I also struggled to accept Jude Law as Watson. Granted, he gives a great performance, but physically speaking, I felt that Law would have been better suited in the leading role as the tall, lean Sherlock. I felt at odds between the chemistry between Downey and Law. Much ado about the “bromance” between the two, but it was not the codependent relationship as described in the stories. Fault my thinking, but I did not enjoy the almost equal footing I felt the two characters shared. Watson’s loyalty to Holmes feels half-hearted, as Holmes has to lure Watson into his shenanigans for the thrill of adventure more so than for the sake of companionship. In the stories, the two distinctly different personalities complement each other: where Holmes would employ logic and deductive reasoning, Watson would use emotional and physical strength. By making the characters more alike for combat and entertainment, their working methods shifted as well.

Only in film did Sherlock face the Loch Ness Monster and Jack the Ripper. So is it excusable that in the new incarnation, Sherlock faces a dark wizard? Sorry if the Harry Potter series has me tired out on dark lords, but I found it disappointing that I already knew who the bad guy was ten minutes into the film. The classic suspense of “whodunit?” is gone and what is left is the how, which was quite easy to figure out even before Holmes explained it all. Instead, there are a few cheap moments of suspense here and there to keep your interest, but nothing like a riveting plot twister.

There were many differences between Richie’s Sherlock Holmes and Doyle’s detective. I do not believe it was the worst movie Richie directed, however it was not about the detective at 221B Baker Street. This Holmes had a mischievous air about him, wore rather rumpled clothes for a distinguished Victorian man, seemed to have an affectionate affair with Irene Adler, and is accused of being dirty. I felt the dialog lacked sharp wit needed for Holmes, and harbored a lot of resentment from Watson’s character.  I’m sorry folks, but this is not the Sherlock Holmes Doyle wrote about. The messy room and opiate use are the only things that tie the two characters together, and the latter issue doesn’t play a significant role in Doyle’s stories. Oh, the two characters also happen to share names.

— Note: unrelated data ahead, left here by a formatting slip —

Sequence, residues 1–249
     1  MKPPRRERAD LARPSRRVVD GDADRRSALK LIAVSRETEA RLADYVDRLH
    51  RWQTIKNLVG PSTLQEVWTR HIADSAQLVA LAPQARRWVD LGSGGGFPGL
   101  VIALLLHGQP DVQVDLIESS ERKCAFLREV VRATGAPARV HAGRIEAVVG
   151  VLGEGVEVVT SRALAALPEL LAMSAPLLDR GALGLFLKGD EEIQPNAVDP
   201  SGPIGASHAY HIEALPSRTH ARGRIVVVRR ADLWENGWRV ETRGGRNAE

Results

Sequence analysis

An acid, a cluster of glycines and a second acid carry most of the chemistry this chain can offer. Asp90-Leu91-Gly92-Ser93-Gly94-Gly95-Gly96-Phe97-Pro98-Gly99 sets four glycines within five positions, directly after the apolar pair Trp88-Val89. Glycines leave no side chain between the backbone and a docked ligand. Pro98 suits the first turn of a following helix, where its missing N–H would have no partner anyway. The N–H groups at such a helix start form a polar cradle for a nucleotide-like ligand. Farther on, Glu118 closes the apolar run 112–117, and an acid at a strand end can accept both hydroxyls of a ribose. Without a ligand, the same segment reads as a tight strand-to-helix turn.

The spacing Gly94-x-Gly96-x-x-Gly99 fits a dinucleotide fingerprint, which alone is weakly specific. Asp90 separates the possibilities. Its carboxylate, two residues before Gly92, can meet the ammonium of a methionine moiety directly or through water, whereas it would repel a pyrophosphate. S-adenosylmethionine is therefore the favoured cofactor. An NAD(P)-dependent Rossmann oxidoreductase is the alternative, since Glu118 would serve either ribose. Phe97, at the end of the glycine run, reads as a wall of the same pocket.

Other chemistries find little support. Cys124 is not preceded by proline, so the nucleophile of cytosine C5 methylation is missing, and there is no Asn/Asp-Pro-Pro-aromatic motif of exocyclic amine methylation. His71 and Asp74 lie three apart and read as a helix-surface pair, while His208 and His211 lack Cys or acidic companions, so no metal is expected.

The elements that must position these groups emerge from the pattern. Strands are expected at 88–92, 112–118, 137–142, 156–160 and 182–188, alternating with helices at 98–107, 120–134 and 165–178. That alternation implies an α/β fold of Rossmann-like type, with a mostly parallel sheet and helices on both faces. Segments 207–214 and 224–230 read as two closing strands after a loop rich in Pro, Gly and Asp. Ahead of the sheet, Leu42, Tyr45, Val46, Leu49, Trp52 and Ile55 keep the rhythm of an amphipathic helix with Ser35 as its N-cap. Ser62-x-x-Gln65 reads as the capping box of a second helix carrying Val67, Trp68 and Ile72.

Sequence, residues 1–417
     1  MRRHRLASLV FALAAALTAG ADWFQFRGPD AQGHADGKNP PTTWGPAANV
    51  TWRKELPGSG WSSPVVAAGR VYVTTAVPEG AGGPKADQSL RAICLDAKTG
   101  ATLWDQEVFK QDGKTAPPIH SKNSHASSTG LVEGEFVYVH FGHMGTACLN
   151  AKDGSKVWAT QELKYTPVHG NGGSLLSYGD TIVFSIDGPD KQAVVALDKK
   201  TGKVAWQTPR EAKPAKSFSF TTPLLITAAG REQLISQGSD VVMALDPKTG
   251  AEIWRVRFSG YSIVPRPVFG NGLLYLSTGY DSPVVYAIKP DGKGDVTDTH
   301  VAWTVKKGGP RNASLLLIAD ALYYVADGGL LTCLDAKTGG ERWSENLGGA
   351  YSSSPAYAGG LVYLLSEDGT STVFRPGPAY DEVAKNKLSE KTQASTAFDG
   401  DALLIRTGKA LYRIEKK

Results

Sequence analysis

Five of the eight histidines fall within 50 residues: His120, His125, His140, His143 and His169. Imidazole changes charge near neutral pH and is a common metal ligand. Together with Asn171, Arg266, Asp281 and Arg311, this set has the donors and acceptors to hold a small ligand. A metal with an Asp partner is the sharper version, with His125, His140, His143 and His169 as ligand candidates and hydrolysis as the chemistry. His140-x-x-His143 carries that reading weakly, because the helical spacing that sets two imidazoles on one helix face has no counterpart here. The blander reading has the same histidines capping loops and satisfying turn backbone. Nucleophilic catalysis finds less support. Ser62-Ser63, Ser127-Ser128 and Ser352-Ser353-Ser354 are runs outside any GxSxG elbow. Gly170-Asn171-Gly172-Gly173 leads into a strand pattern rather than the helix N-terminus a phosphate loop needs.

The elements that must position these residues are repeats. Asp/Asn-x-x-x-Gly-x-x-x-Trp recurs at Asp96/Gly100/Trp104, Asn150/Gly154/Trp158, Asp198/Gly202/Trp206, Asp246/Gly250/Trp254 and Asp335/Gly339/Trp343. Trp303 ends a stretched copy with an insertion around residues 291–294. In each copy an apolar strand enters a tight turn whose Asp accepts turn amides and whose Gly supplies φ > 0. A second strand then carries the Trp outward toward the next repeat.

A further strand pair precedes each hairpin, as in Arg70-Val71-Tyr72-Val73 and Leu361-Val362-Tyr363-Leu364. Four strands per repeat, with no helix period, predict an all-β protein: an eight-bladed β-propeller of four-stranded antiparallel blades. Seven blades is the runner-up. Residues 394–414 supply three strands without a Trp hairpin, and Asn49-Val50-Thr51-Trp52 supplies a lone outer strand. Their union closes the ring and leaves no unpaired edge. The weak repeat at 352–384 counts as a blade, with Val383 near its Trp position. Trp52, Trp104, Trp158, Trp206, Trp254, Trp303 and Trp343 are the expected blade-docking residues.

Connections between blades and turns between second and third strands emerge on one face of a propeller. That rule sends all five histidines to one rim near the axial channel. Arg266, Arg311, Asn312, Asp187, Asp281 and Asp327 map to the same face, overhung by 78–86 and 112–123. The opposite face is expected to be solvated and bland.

The worst part is possibly the in vitro-like placement of a sequel/franchise potential. God Save the Queen and Sherlock Holmes’ legacy.

About Monica Castillo

Monica Castillo (CAS '11) is a Film writer for the Quad. Drawn into the world of film studies accidentally, she's continued on writing, writing, and writing about film since. She also co-writes on another blog, http://beyondthebacklot.wordpress.com/, which is about even geekier film stuff. If you have the time, she would love to watch a movie with you.

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4 Comments on ““Sherlock Holmes” Review: The Case of the Identity Crisis”

  1. Lets also not forget Rachel McAdams’ Irene Adler. I expected more from McAdams. I wanted her to bring more depth and complications to Adler’s character. Compared to Holmes and Watson it felt as though Irene Adler was a cardboard cut out.